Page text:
It’s hard to believe that this is the third edition since coronavirus stories first began to appear in the pages of the Southington Observer. So much has happened since we were putting together that March 13 edition under the growing pressure of reporting preparation plans as they happened, along with sports cancellations and the governor’s first executive order. Since then, schools and businesses have closed, the state started issuing daily updates about COVID-19 cases, and the governor has issued a “Stay Safe, Stay Home” order that has most residents hunkered down for the long haul.
At this point, our newsroom has seen it all—the best and the worst—as folks begin to settle in to this new normal.
At first, we were a little disillusioned when store shelves were decimated during a mass of toilet paper hoarding runs that looked like Black Friday mob scenes or Bridezilla gown stampedes. We heard about price gouging on the internet including everything from hand sanitizer and soap to toilet paper and paper towels (quickly policed by those internet sites). One member of our newsroom actually overheard a conversation in a local store aisle where two residents were concocting a local price gouging scheme. It was deplorable. When we walked through parking lots strewn with used rubber gloves discarded by frenzied shoppers, we had a lot of concerns about Southington’s future.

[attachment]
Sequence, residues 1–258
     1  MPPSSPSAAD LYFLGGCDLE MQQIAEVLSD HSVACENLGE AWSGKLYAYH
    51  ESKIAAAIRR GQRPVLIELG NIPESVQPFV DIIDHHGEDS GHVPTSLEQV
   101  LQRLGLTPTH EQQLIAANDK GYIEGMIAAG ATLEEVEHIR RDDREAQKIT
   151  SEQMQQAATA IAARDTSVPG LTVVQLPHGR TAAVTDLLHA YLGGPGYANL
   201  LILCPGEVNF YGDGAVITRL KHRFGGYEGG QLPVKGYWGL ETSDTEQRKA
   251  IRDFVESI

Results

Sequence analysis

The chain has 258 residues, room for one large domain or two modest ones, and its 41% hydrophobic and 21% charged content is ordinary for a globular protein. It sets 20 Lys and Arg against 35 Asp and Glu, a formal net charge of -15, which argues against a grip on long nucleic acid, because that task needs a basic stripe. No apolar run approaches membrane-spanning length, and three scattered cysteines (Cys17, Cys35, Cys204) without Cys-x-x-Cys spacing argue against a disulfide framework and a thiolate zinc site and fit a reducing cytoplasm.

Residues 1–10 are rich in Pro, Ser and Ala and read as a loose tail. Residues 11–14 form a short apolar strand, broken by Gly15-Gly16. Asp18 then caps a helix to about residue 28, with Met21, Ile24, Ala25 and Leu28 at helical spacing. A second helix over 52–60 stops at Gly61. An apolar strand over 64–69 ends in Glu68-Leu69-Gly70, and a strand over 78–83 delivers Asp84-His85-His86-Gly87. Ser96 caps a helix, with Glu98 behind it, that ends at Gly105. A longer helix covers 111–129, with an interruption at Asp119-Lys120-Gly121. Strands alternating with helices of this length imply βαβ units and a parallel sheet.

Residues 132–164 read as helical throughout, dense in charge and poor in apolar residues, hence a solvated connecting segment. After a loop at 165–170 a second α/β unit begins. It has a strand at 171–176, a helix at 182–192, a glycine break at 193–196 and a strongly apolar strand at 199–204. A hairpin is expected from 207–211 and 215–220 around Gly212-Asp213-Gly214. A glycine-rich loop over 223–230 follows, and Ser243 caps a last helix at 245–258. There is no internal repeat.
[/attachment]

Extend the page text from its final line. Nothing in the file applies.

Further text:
But we’re happy to say that we’ve seen things turn around quite remarkably over the past few weeks. As we’ve explored Southington’s streets and Southington’s many social media sites, we’ve seen an emergence of the character that we’ve come to expect from this town’s residents.
When Bloom Yoga was forced to shutter its doors, co-owners used their toilet paper overstock to organize a unique donation drive for local charities (http://southingtonobserver.com/local-news/tp-giveaways-are-a-good-start-donations-for-charities-scs-and-bfl/). We saw posts about teachers forming a car caravan to check on their homebound students. We saw town councilors putting aside politics and offering hopeful public service announcements. Rev. Victoria Triano even organized a bell-ringing event to let our neighbors know that we’re okay.
We are starting to see a tidal wave of good will wash across the town and the internet, and we hope that trend continues. It’s hard to keep Southington’s residents down.
Jack Perry’s Southington Strong page on Facebook is a must see. Our newsroom would like to jump on the bandwagon and send our own birthday wishes to Leslie Taricani’s son, who celebrated his 10th birthday after his mom’s online post drew more than 80 comments in the first 30 minutes, followed by hundreds over the next few hours.
As we were going to press, we learned about a sidewalk chalk initiative at SoCCA that was spearheaded by Mary DeCroce (and probably inspired by the many young artists that were already writing inspirational quotes on their driveways or family members setting up front yard displays). The SoCCA director took it one step further, setting up a table at SoCCA (93 Main St.) just across the street from the town green. While supplies last, the table will be filled with all the free chalk supplies needed to add a little color to our lives.
Finally, a special thank you goes out to all the town workers who continue to go to work and keep essential services going. We know that this work comes at great personal risk. On Monday, a Bristol City Hall worker contracted the virus as did a Bristol Hospital employee last Friday. We appreciate all the town workers and the state workers that are so committed to these efforts to hold back a virus.
To everyone, stay safe and stay healthy.
To comment on this editorial or to contact Southington Observer editor John Goralski, email him at Editor@SouthingtonObserver.com.